Suzuka extends contract to host Formula One

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Suzuka Circuit in Japan has extended its contract to host the Japanese Grand Prix that will see Formula One remain at the track until 2018.

Officials from the circuit met with Bernie Ecclestone at Spa-Francorchamps yesterday ahead of this weekend’s Belgian Grand Prix and put pen to paper on a deal that ensures Suzuka will host the Japanese GP for the next five years.

Suzuka’s history in Formula One is extensive despite only hosting its first grand prix in 1987. In its third year, the track witnessed the first of many incidents between Ayrton Senna and Alain Prost when the McLaren drivers crashed into each other when fighting for the lead. One year later, the same incident occurred. As a result, the circuit has become iconic in the rivalry between the two drivers. Other notable events include Kimi Raikkonen’s last lap overtake in 2005, Michael Schumacher’s engine failure in 2006 and Sebastian Vettel clinching his second title in 2011.

The circuit did lose the rights to host Formula One in 2007 to the Toyota-owned Fuji Speedway, but the circuit hosted the Japanese Grand Prix for just two years before an agreement was reached that would see it share the hosting rights with Suzuka. Eventually though, Fuji pulled out of the deal, meaning that Formula One would remain at Suzuka until 2014, with this agreement extending that deal.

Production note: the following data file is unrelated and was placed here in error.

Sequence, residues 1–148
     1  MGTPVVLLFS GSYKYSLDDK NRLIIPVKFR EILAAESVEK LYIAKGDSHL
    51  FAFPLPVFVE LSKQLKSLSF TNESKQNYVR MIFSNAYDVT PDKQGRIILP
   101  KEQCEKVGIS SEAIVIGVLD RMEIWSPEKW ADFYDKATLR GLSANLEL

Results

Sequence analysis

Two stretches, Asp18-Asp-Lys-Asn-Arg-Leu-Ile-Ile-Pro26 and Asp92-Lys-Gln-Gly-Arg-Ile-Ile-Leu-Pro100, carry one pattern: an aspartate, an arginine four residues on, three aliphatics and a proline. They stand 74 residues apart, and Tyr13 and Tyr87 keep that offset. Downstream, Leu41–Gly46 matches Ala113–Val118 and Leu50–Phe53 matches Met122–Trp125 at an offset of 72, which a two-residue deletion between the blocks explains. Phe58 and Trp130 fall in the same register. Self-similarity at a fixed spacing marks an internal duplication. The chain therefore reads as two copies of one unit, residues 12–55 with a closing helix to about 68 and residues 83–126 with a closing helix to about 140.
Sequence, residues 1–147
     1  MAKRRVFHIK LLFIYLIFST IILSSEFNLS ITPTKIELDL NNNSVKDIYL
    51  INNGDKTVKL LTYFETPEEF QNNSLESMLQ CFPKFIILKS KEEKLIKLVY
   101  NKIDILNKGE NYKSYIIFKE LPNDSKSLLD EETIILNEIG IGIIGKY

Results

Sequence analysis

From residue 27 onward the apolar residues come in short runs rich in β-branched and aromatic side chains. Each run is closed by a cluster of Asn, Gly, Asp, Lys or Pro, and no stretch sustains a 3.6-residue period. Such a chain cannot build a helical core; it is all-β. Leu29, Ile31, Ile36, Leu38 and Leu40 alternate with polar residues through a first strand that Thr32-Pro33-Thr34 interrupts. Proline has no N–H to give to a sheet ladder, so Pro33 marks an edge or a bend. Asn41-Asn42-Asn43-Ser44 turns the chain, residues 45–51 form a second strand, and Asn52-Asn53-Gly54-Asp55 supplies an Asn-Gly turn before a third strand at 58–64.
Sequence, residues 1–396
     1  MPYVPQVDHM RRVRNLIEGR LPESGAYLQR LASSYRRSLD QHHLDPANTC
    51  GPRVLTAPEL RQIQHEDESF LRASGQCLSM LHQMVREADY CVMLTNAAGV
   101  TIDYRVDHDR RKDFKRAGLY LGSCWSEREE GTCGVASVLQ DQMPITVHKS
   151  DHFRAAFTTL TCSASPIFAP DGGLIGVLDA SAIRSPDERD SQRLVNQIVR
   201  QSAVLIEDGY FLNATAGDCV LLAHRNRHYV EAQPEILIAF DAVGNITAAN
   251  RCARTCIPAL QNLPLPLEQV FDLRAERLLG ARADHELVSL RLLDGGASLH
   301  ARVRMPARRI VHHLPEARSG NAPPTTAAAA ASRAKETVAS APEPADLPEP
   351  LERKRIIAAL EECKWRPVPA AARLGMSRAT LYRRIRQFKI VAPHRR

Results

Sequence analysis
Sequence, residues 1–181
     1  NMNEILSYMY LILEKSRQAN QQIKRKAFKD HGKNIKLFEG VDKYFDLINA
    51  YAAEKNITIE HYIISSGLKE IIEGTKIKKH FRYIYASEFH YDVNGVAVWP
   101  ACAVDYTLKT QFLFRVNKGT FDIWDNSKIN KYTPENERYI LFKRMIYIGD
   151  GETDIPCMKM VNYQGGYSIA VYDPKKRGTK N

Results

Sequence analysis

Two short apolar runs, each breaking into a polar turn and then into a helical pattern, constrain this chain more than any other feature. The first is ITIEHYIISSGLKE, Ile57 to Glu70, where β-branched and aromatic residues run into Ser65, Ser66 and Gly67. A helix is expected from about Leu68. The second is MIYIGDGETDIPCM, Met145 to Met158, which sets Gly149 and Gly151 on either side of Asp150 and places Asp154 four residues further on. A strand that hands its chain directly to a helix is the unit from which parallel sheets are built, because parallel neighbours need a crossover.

This contract extension also coincides with the confirmation that Honda (owners of Suzuka) will be returning to Formula One as an engine supplier in 2015, teaming up with McLaren in an attempt to re-kindle the glory days of McLaren-Honda in the late 1980s.

F1 2017 driver review: Lance Stroll

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Team: Williams

Car No.: 18
Races: 20
Wins: 0
Podiums: 1
Best Finish: P3 (Azerbaijan)
Pole Positions: 0
Fastest Laps: 0
Points: 40
Championship Position: 13th

Lance Stroll’s arrival in Formula 1 at the start of the 2017 was a far from smooth one despite a significant private testing program being undertaken in the months leading up to his grand prix debut.

Even with older hand Felipe Massa at Williams, Stroll looked uneasy behind the wheel of the FW40 car through the opening run of races as he failed to reach the checkered flag in any of his first three starts.

The Canadian was left deflated after his first decent effort in Bahrain was cut short after a clash with Carlos Sainz Jr., calling it his “rock bottom” moment – but things would turn around on home soil.

Stroll produced a stunning fight through the field to take an excellent P9 in Canada, proving his talent seen in Formula 3 the previous year and shushing many of his critics.

Better would follow two weeks later in Baku when Stroll became the youngest rookie in F1 history to score a podium, dodging a crazy race to finish third. It would have been second had he not lost a drag race against Valtteri Bottas to the line.

Stroll’s form then fluctuated greatly. He was sublime on occasion, the best examples being Monza, when he started a remarkable P2 on the grid and ended as the top midfielder in P7, or Mexico where he took a brilliant sixth.

But there were too many weekends he was a little anonymous. Sure, Williams didn’t have the best car this year, but perhaps a little better was expected from Stroll.

2018 will be an even bigger challenge as he looks to the lead the team when a new teammate arrives – and at only 19, it is a lot to handle. Nevertheless, there are positive signs to be found; you just need to look for them a little.

Season High: Taking a shock podium in Baku after dodging chaos in front.

Season Low: A poor opening two races in Australia and China.